The romance sub-plot is a fairly standard love triangle with cliche reasons why Anika can’t just jump into one or the other of her options. The hot nerdy guy who would lower your social status has been around since before YA, and there’s really no new twist on it here. But! LOgan is actually maybe my favorite character in the book, and one of the few I actually liked, besides Anika’s mother. He’s actually a complex character with a great personality and a believable personal problem that flows into the only interesting conflict in the story. And Anika actually has a fairly believable relationship with him. He makes one cringe-worthy remark early on, but if you remember his relationship with Anika a few years before the story starts you could make a good argument it’s kind of cute, in context. I actually sort of like seeing such thin lines in novels, assuming the author doesn’t bumble the scene.

The main antagonist in the story is school Queen Bee Becky Vilhauer. If you can manage not to take her too seriously, she’s quite amusing as a character in a “yeah, right!” sort of way. But as a foil to Anika, she’s a bit ham-handed. And the in-betweener of the popular girls trio, Shellie, is also fun, even if her background is a bit ridiculous. I did wish she had a bit more agency, as she tends to switch back and forth between Anika and Becky.

I don’t think you can take the novel seriously as a realistic portrayal of young adulthood, and I don’t think it deserves all the buzz it’s apparently been getting. I can’t tell if Portes is just new to this whole YA scene or purposely playing on the conventions of the genre. I tend to think the former. But it wasn’t unreadable, and once I accepted is was not really anything like my favorite authors of realistic contemp YA, I did enjoy it in many places.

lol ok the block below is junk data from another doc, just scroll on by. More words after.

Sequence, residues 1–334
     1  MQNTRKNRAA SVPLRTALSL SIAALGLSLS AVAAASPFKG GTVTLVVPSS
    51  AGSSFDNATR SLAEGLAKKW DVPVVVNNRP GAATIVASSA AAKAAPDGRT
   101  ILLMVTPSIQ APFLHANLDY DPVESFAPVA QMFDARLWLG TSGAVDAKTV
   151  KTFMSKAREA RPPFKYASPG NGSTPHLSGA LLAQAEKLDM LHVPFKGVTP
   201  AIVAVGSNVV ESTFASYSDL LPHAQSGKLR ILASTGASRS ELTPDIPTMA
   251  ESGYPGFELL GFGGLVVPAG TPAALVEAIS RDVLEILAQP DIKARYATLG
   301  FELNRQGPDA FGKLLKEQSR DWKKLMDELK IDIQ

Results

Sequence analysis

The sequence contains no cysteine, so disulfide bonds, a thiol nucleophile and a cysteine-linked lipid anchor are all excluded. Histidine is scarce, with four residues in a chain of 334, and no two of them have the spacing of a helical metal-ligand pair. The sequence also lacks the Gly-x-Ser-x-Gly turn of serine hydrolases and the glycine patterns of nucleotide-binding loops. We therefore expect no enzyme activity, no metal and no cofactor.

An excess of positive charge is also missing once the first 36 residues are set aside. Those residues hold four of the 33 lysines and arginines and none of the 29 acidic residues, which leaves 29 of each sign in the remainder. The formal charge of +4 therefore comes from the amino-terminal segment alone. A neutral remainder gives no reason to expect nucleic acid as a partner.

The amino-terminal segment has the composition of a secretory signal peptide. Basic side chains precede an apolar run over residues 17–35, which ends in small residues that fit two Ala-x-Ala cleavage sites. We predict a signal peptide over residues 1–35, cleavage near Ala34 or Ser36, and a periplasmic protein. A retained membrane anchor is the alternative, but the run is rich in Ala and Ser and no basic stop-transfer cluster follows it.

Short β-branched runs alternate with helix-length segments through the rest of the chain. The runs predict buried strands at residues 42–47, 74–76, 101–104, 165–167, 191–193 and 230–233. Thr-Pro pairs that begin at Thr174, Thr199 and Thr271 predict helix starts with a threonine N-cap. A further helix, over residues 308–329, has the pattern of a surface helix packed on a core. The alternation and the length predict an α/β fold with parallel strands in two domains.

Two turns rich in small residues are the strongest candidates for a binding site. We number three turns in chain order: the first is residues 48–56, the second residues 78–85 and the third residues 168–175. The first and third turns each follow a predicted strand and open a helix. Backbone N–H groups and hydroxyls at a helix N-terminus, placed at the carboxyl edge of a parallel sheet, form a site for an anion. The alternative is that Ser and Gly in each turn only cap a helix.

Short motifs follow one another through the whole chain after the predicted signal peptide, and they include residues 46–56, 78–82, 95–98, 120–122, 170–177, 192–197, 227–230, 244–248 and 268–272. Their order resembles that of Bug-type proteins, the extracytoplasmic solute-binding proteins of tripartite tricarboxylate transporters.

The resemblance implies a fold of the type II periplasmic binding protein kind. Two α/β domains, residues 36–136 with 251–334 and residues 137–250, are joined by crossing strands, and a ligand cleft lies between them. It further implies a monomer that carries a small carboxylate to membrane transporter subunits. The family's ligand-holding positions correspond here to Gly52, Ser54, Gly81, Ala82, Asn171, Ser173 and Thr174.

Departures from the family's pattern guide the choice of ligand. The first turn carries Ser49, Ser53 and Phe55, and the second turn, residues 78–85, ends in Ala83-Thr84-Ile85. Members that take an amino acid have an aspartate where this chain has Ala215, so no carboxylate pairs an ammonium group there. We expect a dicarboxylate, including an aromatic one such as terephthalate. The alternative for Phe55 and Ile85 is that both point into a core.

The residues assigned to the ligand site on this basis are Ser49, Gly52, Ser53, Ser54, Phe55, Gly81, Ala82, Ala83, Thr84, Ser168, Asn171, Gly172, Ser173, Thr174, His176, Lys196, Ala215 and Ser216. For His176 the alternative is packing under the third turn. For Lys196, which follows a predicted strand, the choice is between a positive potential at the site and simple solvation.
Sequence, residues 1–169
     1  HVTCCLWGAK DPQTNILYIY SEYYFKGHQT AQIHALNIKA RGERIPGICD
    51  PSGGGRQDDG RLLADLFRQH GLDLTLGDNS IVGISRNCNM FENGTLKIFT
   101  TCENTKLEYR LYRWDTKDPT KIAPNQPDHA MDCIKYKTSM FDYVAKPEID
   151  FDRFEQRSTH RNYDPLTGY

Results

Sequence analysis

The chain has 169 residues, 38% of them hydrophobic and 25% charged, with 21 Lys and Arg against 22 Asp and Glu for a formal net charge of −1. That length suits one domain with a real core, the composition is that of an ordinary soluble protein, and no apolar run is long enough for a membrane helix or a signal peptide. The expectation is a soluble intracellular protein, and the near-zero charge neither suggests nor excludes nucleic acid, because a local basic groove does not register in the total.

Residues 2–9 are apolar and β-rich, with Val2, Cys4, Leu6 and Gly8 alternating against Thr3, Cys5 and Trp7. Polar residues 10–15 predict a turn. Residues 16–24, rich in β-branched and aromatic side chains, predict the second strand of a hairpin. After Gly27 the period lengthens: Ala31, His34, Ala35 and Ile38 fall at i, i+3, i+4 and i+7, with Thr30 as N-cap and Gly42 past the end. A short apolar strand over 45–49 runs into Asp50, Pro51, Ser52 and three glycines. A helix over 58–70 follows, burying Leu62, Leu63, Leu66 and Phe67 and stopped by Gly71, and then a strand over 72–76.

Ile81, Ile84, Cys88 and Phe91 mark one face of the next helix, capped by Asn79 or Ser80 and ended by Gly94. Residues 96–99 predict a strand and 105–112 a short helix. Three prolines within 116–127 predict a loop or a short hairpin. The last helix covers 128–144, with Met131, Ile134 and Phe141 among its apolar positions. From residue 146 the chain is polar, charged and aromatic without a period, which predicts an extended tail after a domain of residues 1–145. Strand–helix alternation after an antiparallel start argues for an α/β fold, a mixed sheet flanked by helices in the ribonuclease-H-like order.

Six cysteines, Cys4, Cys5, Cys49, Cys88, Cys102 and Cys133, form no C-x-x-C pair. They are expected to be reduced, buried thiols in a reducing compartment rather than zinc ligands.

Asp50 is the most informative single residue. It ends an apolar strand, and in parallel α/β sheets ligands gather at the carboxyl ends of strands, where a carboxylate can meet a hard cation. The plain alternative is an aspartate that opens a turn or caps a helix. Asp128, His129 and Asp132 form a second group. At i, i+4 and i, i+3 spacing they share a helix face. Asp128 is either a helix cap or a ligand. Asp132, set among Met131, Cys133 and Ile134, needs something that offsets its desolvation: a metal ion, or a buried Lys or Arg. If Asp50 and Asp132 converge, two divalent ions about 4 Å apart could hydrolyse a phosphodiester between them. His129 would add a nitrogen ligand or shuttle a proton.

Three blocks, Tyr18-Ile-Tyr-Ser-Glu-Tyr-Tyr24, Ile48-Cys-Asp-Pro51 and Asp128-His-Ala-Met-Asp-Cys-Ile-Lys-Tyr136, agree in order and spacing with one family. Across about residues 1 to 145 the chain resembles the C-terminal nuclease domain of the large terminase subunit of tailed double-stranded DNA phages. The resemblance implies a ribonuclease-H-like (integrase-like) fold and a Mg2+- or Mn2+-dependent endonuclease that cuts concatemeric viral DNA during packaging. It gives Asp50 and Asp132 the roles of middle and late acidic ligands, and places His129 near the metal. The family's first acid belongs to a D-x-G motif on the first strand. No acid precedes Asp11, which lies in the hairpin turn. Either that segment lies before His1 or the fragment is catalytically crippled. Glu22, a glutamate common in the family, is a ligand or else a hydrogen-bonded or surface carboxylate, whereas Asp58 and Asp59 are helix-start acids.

Conclusion: 75/100 (+10 for kind of enjoying it anyway)
Premise: 5/10 (Cliche)
Plot: 7/10 (Decent, if not inspired)
Setting: 6/10 (Not exciting, very shallowly-developed)
Main Character: 8/10 (Fun, but didn’t like her)
Romance Sub-plot 6/10 (A little too convenient)
Love Interest(s): 6/10 (Standard fare, no flare)
Supporting Characters: 4/10 (Caricatures, really, but consistent)
Writing: 9/10 (Liked the voice and writing)
Themes: 7/10 (Bad execution)
Resolution: 7/10 (Would be higher except for the too-“empowering” ending)

Buy Or Borrow: Probably borrow, but maybe buy if you really like these kind of books.

Similar Books:
Anything by Courtney Summers is like this but actually good.
Gossip Girl is similar but with more melodrama and less quirkiness.

Other Reviews:
GoodReads
Kirkus Reviews
Publishers Weekly
XPresso Reads
YA Midnight Reads
This Blonde Reads
Turning Pages

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Book Review: Science Fiction: Echopraxia by Peter Watts

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It’s the eve of the twenty-second century: a world where the dearly departed send postcards back from Heaven and evangelicals make scientific breakthroughs by speaking in tongues; where genetically engineered vampires solve problems intractable to baseline humans and soldiers come with zombie switches that shut off self-awareness during combat. And it’s all under surveillance by an alien presence that refuses to show itself.
Daniel Bruks is a living fossil: a field biologist in a world where biology has turned computational, a cat’s-paw used by terrorists to kill thousands. Taking refuge in the Oregon desert, he’s turned his back on a humanity that shatters into strange new subspecies with every heartbeat. But he awakens one night to find himself at the center of a storm that will turn all of history inside-out.
Now he’s trapped on a ship bound for the center of the solar system. To his left is a grief-stricken soldier, obsessed by whispered messages from a dead son. To his right is a pilot who hasn’t yet found the man she’s sworn to kill on sight. A vampire and its entourage of zombie bodyguards lurk in the shadows behind. And dead ahead, a handful of rapture-stricken monks takes them all to a meeting with something they will only call “The Angels of the Asteroids.”
Their pilgrimage brings Dan Bruks, the fossil man, face-to-face with the biggest evolutionary breakpoint since the origin of thought itself.

Title: Echopraxia
Author: Peter Watts
Category: Adult Fiction
Genre: Science Fiction
Publisher: Tor [Forge]
Publication Date: August 26, 2014